Yes, I’m privileged – I’m lucky to have had an education: but what kind of education was it? I had been educated to the point that I was unconsciously reproducing in my own reading and studying habits a gender bias which meant that I was actively contributing to marginalising talented women poets of that time. These poets’ work was actively being written out of what was considered “worthy” or “valuable” in terms of literary history by male editors of anthologies which disproportionately represented men over women, editors who unashamedly made their selections based on a seemingly value-neutral notion of “quality”. (The publication of Kate Jennings’ anthology of Australian women’s poetry, Mother I’m Rooted, and later, the Penguin Anthology of Australian Women’s Writing, showed there was no shortage of poetry written by women: but the majority of this work simply wasn’t considered “good” enough to be included in the anthologies.)

As Sean has pointed out in his response, Anne Summers and others, including Jennings, were decrying this situation in the 70s. It’s 2011 and we’re still in the same debate…

So how can things change?

Today we have a pool of extremely talented and articulate Australian women who are able to identify and question their own biases, who acknowledge and decry the lack of recognition given to Australian women writers, and who are active in doing something to redress the imbalance. By repeating the statistics which so clearly demonstrate the injustice, blogs such as yours, Tara – probably intended to be ephemeral – make a welcome contribution to a much broader and ongoing cultural project. It also takes grace and courage not to be cowed by some who don’t – can’t? – know the depth and breadth of the injustices faced by many successive generations of women writers. So thank you for your example.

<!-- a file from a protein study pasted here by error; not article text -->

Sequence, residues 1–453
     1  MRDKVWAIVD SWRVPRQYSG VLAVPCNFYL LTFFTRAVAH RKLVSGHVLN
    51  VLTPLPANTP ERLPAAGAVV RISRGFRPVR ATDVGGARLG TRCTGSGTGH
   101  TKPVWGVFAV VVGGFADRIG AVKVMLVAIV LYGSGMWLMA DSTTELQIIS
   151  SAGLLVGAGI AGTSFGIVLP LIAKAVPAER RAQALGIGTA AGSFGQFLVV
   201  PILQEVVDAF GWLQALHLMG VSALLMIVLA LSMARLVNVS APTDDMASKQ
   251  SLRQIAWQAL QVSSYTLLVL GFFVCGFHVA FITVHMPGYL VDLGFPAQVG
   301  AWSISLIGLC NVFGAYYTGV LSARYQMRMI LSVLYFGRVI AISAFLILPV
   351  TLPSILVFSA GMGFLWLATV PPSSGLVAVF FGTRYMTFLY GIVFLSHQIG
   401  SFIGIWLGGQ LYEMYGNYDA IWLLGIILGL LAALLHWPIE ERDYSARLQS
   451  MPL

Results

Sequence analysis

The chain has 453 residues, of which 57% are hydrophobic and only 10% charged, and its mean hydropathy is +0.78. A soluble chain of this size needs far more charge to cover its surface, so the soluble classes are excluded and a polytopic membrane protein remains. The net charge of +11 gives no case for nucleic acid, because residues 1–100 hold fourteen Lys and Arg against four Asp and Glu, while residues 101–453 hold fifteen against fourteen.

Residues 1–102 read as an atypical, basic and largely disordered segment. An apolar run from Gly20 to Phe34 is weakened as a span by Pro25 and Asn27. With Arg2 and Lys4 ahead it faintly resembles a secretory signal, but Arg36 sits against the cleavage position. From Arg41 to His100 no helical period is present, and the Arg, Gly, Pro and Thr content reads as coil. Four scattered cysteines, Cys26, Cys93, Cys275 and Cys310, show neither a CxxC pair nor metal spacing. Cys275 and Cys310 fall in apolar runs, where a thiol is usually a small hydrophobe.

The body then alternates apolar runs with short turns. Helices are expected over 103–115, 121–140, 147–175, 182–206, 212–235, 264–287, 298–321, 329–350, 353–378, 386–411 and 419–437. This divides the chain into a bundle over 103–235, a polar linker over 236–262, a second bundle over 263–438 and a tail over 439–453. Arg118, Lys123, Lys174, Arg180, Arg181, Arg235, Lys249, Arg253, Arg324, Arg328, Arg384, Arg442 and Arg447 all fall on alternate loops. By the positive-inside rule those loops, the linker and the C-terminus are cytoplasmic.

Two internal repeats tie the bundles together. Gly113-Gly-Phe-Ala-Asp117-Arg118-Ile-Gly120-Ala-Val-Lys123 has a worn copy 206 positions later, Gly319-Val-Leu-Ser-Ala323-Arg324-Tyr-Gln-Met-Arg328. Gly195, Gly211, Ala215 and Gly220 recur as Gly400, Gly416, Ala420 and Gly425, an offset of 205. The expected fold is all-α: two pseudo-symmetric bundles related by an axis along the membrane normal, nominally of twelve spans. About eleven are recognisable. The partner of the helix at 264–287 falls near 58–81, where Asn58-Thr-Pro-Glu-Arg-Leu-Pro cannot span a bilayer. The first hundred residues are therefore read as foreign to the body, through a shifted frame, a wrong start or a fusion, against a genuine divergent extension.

As for The Stella Prize, it may be that the “best” women writers will be judged according to an aesthetic which reflects the values of a dominant (presently male-dominated) culture; the prize may simply serve to make these women authors more visible, and attract for them the attention and rewards necessary to hold their own against comparative male writers, be feted and interviewed, invited to appear on festival panels, sell more books and survive. Or it may be that an alternative aesthetic will gradually develop as we turn our attention to what we judge as “great” in women’s writing, an aesthetic which might better reflect the breadth and diversity of Australian women’s lived experiences, cultures and values.

Whatever happens, it will happen because women readers, critics, reviewers and writers take each other’s work seriously, and treat each other with the respect owed to professionals. It will also be because we continue to develop and question the basis of our own tastes and preferences, as well as actively seek out writing by women which we can champion and enjoy. If some male reviewers, critics, judges and readers also find something of value in such works, great. If they don’t, who cares?